"In general, the last time that we looked at the data we showed a significant improvement in hemoglobin A1c, both systolic and diastolic blood pressure, and triglycerides," she said.
The Transitions of Care program at the health system, which was run by another pharmacist, also reported annual cost avoidance of $503,278 as a result of its small pilot program.
Evidence has shown again and again that team-based care that includes the expertise of a pharmacist improves patient outcomes and lowers healthcare costs. Nonetheless, Chen said, pharmacists aren’t making any easy sales.
"The problem, so to speak, with comprehensive medication management provided by a pharmacist is that it is not reimbursable, really, in any circle," he said.
Despite that, Chen believes, such programs are sustainable because the move toward value-based payment is inevitable, he said. To achieve success, pharmacists should align CMMs with the organizational priorities of lower costs and align with pay-for-performance measures, so that when the system shifts, the programs are already established and show value.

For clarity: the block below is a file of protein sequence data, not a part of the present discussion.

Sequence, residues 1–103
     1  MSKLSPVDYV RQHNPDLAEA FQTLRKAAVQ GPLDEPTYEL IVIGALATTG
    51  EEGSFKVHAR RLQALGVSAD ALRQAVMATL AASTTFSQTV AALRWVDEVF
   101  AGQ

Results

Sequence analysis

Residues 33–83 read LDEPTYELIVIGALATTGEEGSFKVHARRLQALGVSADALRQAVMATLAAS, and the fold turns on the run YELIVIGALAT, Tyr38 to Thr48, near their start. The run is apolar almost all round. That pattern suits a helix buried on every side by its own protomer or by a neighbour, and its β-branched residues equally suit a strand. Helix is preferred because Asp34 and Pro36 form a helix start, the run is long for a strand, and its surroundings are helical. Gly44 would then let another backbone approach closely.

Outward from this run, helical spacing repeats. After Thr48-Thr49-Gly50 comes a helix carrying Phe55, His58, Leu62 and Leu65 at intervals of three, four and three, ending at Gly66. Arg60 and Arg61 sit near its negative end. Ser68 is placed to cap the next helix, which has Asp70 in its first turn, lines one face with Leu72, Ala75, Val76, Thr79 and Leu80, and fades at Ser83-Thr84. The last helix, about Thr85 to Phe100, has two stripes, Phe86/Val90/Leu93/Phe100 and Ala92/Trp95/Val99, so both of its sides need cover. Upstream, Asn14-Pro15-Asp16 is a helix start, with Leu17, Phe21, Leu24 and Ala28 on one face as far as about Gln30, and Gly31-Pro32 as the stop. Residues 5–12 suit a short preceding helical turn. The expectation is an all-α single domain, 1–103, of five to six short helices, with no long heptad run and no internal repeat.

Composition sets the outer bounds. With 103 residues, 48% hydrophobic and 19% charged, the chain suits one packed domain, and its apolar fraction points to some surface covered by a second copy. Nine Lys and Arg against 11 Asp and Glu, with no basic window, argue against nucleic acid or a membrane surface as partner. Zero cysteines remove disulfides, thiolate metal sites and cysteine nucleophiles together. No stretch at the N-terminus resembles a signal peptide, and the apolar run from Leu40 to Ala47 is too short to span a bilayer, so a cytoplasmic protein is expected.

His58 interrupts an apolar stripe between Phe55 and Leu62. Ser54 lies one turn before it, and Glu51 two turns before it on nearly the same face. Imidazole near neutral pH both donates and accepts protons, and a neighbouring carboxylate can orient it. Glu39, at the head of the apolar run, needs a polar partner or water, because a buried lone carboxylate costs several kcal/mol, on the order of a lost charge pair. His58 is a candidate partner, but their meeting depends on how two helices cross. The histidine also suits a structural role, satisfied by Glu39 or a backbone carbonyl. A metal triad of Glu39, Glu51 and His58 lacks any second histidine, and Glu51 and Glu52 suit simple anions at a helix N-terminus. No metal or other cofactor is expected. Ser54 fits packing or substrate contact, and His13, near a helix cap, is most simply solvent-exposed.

"If you drive your program toward those high-risk populations, you don't necessarily need to wait for payment systems to change," he said.
Team-based care approaches are not being embraced only by clinical pharmacists or health-system pharmacists either. Chen said that a recent national conference he helped organize also highlighted the work of independent pharmacies and chain pharmacy-based CMM programs that specifically targeted readmission rates for high-risk patients.
"That's dollars to the hospital," he said. "That's a way to sustain that sort of program."
While each organization may choose to embrace team-based care in its own way within its own framework, the programs universally speak to the success that can be achieved when pharmacists are part of the team.
"The most enlightening thing is that it's really a reproducible service and that there are so many patients that can be impacted in all these different health systems," said Ashley Butler, a PharmD/MPH candidate at Touro University and lead student author of the white paper.
Jill Sederstrom is a freelance writer based in Kansas City.